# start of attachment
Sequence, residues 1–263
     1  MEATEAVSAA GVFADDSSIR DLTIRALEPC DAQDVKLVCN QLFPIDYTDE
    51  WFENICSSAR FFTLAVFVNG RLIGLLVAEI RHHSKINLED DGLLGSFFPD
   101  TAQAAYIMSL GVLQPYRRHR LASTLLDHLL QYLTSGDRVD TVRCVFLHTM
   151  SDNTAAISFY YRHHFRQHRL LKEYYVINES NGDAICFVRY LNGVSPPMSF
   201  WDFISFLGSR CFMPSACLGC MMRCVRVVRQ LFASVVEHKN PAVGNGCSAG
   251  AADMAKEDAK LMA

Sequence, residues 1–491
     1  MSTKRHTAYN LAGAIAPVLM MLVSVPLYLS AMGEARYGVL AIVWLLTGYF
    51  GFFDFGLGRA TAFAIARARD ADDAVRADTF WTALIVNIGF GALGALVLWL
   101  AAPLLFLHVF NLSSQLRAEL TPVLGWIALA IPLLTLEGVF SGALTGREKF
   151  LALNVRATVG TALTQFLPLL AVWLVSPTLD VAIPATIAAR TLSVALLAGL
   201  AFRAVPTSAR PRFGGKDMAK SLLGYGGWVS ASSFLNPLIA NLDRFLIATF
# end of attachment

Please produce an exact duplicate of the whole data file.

Sequence, residues 1–263
     1  MEATEAVSAA GVFADDSSIR DLTIRALEPC DAQDVKLVCN QLFPIDYTDE
    51  WFENICSSAR FFTLAVFVNG RLIGLLVAEI RHHSKINLED DGLLGSFFPD
   101  TAQAAYIMSL GVLQPYRRHR LASTLLDHLL QYLTSGDRVD TVRCVFLHTM
   151  SDNTAAISFY YRHHFRQHRL LKEYYVINES NGDAICFVRY LNGVSPPMSF
   201  WDFISFLGSR CFMPSACLGC MMRCVRVVRQ LFASVVEHKN PAVGNGCSAG
   251  AADMAKEDAK LMA

Sequence, residues 1–491
     1  MSTKRHTAYN LAGAIAPVLM MLVSVPLYLS AMGEARYGVL AIVWLLTGYF
    51  GFFDFGLGRA TAFAIARARD ADDAVRADTF WTALIVNIGF GALGALVLWL
   101  AAPLLFLHVF NLSSQLRAEL TPVLGWIALA IPLLTLEGVF SGALTGREKF
   151  LALNVRATVG TALTQFLPLL AVWLVSPTLD VAIPATIAAR TLSVALLAGL
   201  AFRAVPTSAR PRFGGKDMAK SLLGYGGWVS ASSFLNPLIA NLDRFLIATF